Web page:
Tag Archives: blogging

Noodle blogging

No, not really.

Occasionally when I read stories from The Guardian via Google, I have a look at some of the other sites which I’ve added. They’re mostly blogs and quite a number are on blogspot (added when I’ve been in a country where the government is not irrationally paranoid), which means that if you try to click on that particular feed, the system gets completely buggered.

I happened across a post on the China Law Blog about something called noodle blogging. According to the post, this “describe[s] China blogs (often written by ESL teachers) that focused mostly on the blogger’s personal impressions of China”. Chris’s blog gets a very honourable and quite up-to-date mention.

But the feeling is that such blogs have largely slipped into history with a few exceptions such as a blog called Seeing Red in China, which is also on (or powered by?) WordPress. I did use to have quite a few China blogs bookmarked, but with various blog hosts being blocked, unblocked, blocked etc. (including ESWN), I probably gave up a little. Also, most of those blogging do tend to end up going back where they came from. I still have Matt Schiavenza’s site bookmarked, but he’s back in the States as far as I’m aware and I only visit the site once in a while. Another point which has just come to mind while I’ve been making my tea is that even when I did tend to read expat China blogs, I’d already been here several years, had seen it, and had bought the T-shirt.

I suppose at times I’ve been a noodle blogger, but I’ve never tried to be an anthropologist or sociologist about China to the exclusion of almost all other topics. My agenda has never been to blog about China so that others might gain some insight into life here. That’s merely coincidental and some of what I’ve seen and done may be of some interest to others. Nor am I here to go native and get all integrated. If you think of all the annoyances here and you think about how long I’ve been here (nearly nine years), you’d be sorely mistaken if you believe that I now regard the annoyances as a mere nothing. They aren’t and they never will be a mere nothing.

I also think that a noodle blogger might tend to be someone who comes here in their twenties, is probably straight out of college, and isn’t, as I’ve always been, a cynical old bastard. But the first wave of bloggers has been and gone (if you think in terms of the history of blogging), and I can’t help but make a connection between someone like Ben Ross and Peter Hessler. I think I’ve wondered before where the Peter Hesslers of the first decade of the 21st century are. (Don’t look at me. I don’t have that journalistic knack like Bill Bryson and other hacks for spinning an entire book out of next to nothing.)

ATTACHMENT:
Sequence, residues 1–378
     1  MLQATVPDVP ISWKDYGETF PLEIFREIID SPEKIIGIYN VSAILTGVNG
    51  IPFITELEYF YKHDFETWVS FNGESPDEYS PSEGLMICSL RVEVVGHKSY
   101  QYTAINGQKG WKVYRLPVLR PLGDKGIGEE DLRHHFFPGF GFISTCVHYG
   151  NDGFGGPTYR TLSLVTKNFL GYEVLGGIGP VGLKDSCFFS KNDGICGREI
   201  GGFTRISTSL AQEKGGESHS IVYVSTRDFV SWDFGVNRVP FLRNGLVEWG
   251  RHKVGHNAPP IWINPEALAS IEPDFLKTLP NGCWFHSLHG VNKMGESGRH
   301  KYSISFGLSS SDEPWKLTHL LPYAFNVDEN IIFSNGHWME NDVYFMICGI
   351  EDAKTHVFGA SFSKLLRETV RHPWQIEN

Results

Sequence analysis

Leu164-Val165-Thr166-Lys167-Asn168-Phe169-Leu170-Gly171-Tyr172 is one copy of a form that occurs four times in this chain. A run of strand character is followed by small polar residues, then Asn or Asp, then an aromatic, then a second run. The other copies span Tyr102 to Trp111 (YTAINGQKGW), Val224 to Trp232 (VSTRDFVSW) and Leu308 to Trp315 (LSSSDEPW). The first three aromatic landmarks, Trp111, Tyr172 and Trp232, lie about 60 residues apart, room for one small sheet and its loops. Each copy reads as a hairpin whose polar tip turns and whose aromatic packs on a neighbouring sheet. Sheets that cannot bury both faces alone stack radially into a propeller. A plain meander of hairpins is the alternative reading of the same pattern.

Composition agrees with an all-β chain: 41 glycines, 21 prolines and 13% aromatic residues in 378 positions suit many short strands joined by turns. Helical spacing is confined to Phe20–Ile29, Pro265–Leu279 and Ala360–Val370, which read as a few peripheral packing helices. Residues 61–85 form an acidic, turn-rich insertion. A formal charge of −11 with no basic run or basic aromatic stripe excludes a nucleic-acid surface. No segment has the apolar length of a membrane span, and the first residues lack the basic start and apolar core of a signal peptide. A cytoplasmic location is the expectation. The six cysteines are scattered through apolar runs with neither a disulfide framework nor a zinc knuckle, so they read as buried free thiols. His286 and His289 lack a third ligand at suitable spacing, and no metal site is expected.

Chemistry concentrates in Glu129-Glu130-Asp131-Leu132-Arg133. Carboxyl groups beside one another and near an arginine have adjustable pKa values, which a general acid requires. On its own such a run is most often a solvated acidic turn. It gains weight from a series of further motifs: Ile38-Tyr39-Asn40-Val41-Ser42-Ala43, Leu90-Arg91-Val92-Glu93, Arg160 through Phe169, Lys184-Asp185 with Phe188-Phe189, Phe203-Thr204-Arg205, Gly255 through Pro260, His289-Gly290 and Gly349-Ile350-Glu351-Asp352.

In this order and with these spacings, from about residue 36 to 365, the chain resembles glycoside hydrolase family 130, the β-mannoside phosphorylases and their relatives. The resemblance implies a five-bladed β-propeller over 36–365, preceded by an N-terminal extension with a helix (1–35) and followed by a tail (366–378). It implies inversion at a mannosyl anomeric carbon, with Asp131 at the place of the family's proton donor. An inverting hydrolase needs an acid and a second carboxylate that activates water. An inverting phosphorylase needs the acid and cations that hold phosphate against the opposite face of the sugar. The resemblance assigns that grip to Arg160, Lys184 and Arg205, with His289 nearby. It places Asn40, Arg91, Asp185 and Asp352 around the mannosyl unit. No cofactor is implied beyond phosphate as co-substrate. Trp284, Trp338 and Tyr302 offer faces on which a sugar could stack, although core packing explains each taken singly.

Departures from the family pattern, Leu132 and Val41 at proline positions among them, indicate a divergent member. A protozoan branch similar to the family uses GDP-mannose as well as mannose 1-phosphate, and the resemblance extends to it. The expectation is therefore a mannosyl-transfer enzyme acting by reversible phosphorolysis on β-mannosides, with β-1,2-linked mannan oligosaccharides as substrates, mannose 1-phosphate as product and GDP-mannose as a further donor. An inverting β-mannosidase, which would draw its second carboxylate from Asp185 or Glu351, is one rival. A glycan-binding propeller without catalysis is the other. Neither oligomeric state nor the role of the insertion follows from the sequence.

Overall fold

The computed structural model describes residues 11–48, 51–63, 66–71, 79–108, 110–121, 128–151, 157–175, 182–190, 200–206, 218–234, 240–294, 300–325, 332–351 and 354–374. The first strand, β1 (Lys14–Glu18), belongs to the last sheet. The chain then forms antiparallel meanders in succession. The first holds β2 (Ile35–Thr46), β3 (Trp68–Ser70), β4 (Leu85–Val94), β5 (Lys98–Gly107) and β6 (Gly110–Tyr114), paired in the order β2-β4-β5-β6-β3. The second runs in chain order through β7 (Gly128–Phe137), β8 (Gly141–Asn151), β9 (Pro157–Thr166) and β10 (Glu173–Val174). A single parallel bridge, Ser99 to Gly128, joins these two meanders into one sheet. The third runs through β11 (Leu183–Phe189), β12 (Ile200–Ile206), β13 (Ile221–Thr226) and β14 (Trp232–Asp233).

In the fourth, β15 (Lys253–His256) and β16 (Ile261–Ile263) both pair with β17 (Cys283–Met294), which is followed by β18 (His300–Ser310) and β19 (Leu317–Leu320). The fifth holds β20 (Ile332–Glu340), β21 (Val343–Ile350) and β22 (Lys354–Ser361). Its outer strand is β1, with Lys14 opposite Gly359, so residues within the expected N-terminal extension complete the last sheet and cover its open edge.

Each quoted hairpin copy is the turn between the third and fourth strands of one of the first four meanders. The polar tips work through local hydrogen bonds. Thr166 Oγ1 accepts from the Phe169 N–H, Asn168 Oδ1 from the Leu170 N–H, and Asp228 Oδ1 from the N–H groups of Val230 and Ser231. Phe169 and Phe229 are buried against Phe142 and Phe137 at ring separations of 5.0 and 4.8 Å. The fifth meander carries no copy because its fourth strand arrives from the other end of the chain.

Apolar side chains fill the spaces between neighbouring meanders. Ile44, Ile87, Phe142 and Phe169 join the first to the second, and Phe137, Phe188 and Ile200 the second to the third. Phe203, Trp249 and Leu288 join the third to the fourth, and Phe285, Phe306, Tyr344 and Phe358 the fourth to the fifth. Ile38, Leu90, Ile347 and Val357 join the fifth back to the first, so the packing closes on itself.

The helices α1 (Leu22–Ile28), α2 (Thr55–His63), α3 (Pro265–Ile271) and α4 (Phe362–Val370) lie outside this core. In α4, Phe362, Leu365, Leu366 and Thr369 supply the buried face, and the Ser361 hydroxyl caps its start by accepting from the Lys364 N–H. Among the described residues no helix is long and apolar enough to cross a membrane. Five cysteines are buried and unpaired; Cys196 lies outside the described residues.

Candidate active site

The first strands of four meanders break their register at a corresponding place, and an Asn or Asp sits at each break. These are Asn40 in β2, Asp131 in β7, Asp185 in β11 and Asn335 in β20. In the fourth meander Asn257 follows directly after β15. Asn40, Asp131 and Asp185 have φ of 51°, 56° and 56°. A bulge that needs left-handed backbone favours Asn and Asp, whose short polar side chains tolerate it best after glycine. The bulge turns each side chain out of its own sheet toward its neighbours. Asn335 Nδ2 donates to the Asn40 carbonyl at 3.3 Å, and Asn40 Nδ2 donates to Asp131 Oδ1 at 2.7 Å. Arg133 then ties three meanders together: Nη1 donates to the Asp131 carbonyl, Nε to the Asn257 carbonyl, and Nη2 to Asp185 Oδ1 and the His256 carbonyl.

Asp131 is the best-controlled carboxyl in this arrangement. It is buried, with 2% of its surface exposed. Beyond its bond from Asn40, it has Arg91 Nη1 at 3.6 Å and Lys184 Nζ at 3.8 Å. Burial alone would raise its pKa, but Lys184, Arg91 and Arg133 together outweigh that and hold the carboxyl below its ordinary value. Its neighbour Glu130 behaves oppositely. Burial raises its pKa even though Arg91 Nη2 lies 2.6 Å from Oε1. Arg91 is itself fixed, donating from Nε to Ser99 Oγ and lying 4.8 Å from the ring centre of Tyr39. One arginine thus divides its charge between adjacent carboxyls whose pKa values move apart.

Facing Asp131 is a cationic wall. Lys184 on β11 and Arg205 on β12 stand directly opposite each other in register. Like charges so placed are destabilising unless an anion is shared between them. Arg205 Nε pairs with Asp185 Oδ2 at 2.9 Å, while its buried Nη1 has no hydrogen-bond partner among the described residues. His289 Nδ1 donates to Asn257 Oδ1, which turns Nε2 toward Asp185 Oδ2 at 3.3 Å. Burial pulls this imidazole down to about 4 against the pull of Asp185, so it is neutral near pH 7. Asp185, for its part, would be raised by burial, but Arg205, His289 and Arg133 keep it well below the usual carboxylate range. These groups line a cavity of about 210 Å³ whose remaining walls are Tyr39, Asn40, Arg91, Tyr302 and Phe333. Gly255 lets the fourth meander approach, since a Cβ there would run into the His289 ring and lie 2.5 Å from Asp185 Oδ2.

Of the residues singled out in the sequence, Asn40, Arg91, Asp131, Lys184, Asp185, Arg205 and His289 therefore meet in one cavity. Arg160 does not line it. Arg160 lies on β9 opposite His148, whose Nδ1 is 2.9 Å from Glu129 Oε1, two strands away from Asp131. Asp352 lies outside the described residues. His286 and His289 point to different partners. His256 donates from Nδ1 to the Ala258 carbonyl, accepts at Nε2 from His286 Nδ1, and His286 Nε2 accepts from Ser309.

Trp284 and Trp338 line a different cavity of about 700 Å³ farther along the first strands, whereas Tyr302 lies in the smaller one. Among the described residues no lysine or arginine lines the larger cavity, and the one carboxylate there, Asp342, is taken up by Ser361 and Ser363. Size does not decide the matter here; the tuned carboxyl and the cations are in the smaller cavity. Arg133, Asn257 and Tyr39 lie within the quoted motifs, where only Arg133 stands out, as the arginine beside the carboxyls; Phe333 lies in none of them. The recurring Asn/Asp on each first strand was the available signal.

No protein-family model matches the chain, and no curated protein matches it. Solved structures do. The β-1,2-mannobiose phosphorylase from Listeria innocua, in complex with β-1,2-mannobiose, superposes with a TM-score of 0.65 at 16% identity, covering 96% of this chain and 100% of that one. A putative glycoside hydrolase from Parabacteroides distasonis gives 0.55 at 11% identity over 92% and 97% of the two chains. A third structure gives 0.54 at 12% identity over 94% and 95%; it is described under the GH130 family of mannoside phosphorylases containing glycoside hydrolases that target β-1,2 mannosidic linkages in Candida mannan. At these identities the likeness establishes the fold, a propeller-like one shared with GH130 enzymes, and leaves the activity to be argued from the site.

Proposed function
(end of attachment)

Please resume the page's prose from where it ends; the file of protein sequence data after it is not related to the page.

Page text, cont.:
All right. let’s finish with a noodle blog tale. I was on my travels this morning, heading to 远东百货 to buy lunch from Yamazaki and some more bread. There’s a dog-leg crossing at the side street where I turn off to go to the 红豆 Building. There was someone on en electric scooter ahead of me, and a woman was crossing the road on another electric scooter. Neither was going especially fast, but Mrs Pays-no-Attention still managed to hit Mr Straight-ahead-Regardless. It was a slight knock to his rear wheel, and Mr Straight-ahead-Regardless started yelling. Probably the argument ran: “Why don’t you watch where you’re going?” Why don’t you watch where you’re going. (Repeat ad naus. without irony.) From my perspective, while Mrs Pays-no-Attention was principally to blame, Mr Straight-ahead-Regardless was little better as he swept recklessly in front of his adversary.

For the most part, my strategy is to go round behind so that the likes of Mrs Pays-no-Attention get home saying to themselves, “A foreigner? What foreigner?”

Advertisements

There goes another milestone

60,000.

wuxi_evening01Two and a half days ago, the clouds gathered and it eventually started raining. Two days ago, we might’ve seen the eclipse, but it rained almost all day. Yesterday it was overcast and very hazy, which in Wuxi seems to suggest that it may start raining at any moment. Of course, it rained a little in the afternoon, but saved its heaviest downpour for the evening when I happened to be at Carrefour. I knew something was up because a large group of people had gathered at the exit from 保利. It was a short-lived thunderstorm and I actually barely got wet at all in the end. I did at least have my umbrella with me. 

I went to the Sichuan restaurant across the road from 保利, but that turned out to be a slightly posher affair than I was expecting. Because it was up on the first floor, I couldn’t tell exactly what I was going to find inside, but it’s the sort of restaurant where people go in mobs rather than singly. The 宫保鸡丁 was actually decent enough, but it wasn’t a dish intended for one person.

Anyway, the weather has left me stranded inside. Two days ago it was raining and yesterday, there was the perpetual threat of imminent rain. The cloud has broken up a little with hints of blue sky and even a threat of a little sunshine. There might be a short adventure this afternoon. (I’m thinking about a circumnavigation of 惠山.)

But while I’ve been idle,[1] I see that Green Bamboo has now passed 60,000 hits, although that’s mostly from searches via bing (formerly Windows Live Search) on indefinite subjects. I have no idea who the 60,000th caller was. That was 109 visits ago.